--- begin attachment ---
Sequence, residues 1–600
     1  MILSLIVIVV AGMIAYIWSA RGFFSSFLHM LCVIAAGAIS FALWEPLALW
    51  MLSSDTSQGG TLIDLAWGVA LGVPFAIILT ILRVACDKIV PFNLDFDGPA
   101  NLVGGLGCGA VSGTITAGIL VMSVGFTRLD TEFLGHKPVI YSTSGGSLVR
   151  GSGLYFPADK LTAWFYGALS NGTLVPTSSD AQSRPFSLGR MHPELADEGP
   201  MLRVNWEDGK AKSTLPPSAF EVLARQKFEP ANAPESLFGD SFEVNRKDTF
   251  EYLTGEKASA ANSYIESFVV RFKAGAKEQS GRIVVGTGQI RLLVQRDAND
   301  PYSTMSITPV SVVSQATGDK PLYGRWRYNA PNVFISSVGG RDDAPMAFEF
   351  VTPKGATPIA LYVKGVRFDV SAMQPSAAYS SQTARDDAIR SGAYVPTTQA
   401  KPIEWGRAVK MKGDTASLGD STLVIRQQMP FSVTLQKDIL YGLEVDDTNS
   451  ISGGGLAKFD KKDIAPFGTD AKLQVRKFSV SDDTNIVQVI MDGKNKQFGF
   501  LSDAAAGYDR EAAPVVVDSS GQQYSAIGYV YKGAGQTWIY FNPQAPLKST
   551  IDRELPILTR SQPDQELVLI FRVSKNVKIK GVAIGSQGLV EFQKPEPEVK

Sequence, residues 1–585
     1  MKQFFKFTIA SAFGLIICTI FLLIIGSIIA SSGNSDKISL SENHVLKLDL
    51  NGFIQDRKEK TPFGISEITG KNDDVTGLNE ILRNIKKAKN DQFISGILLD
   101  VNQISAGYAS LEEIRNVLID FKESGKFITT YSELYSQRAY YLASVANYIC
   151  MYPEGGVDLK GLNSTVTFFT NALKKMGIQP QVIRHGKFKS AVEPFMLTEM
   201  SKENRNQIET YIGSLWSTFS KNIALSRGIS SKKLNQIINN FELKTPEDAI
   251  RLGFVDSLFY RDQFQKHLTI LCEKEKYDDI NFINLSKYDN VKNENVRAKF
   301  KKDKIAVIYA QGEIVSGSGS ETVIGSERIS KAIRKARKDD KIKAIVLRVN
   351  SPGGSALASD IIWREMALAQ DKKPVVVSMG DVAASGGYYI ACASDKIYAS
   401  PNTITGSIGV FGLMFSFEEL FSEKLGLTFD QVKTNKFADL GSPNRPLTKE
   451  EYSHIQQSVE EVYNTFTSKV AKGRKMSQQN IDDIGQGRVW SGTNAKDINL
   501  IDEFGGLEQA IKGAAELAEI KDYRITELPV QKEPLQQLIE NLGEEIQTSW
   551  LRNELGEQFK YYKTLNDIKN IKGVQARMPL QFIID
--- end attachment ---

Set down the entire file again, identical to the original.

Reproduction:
Sequence, residues 1–600
     1  MILSLIVIVV AGMIAYIWSA RGFFSSFLHM LCVIAAGAIS FALWEPLALW
    51  MLSSDTSQGG TLIDLAWGVA LGVPFAIILT ILRVACDKIV PFNLDFDGPA
   101  NLVGGLGCGA VSGTITAGIL VMSVGFTRLD TEFLGHKPVI YSTSGGSLVR
   151  GSGLYFPADK LTAWFYGALS NGTLVPTSSD AQSRPFSLGR MHPELADEGP
   201  MLRVNWEDGK AKSTLPPSAF EVLARQKFEP ANAPESLFGD SFEVNRKDTF
   251  EYLTGEKASA ANSYIESFVV RFKAGAKEQS GRIVVGTGQI RLLVQRDAND
   301  PYSTMSITPV SVVSQATGDK PLYGRWRYNA PNVFISSVGG RDDAPMAFEF
   351  VTPKGATPIA LYVKGVRFDV SAMQPSAAYS SQTARDDAIR SGAYVPTTQA
   401  KPIEWGRAVK MKGDTASLGD STLVIRQQMP FSVTLQKDIL YGLEVDDTNS
   451  ISGGGLAKFD KKDIAPFGTD AKLQVRKFSV SDDTNIVQVI MDGKNKQFGF
   501  LSDAAAGYDR EAAPVVVDSS GQQYSAIGYV YKGAGQTWIY FNPQAPLKST
   551  IDRELPILTR SQPDQELVLI FRVSKNVKIK GVAIGSQGLV EFQKPEPEVK

Sequence, residues 1–585
     1  MKQFFKFTIA SAFGLIICTI FLLIIGSIIA SSGNSDKISL SENHVLKLDL
    51  NGFIQDRKEK TPFGISEITG KNDDVTGLNE ILRNIKKAKN DQFISGILLD
   101  VNQISAGYAS LEEIRNVLID FKESGKFITT YSELYSQRAY YLASVANYIC
   151  MYPEGGVDLK GLNSTVTFFT NALKKMGIQP QVIRHGKFKS AVEPFMLTEM
   201  SKENRNQIET YIGSLWSTFS KNIALSRGIS SKKLNQIINN FELKTPEDAI
   251  RLGFVDSLFY RDQFQKHLTI LCEKEKYDDI NFINLSKYDN VKNENVRAKF
   301  KKDKIAVIYA QGEIVSGSGS ETVIGSERIS KAIRKARKDD KIKAIVLRVN
   351  SPGGSALASD IIWREMALAQ DKKPVVVSMG DVAASGGYYI ACASDKIYAS
   401  PNTITGSIGV FGLMFSFEEL FSEKLGLTFD QVKTNKFADL GSPNRPLTKE
   451  EYSHIQQSVE EVYNTFTSKV AKGRKMSQQN IDDIGQGRVW SGTNAKDINL
   501  IDEFGGLEQA IKGAAELAEI KDYRITELPV QKEPLQQLIE NLGEEIQTSW
   551  LRNELGEQFK YYKTLNDIKN IKGVQARMPL QFIID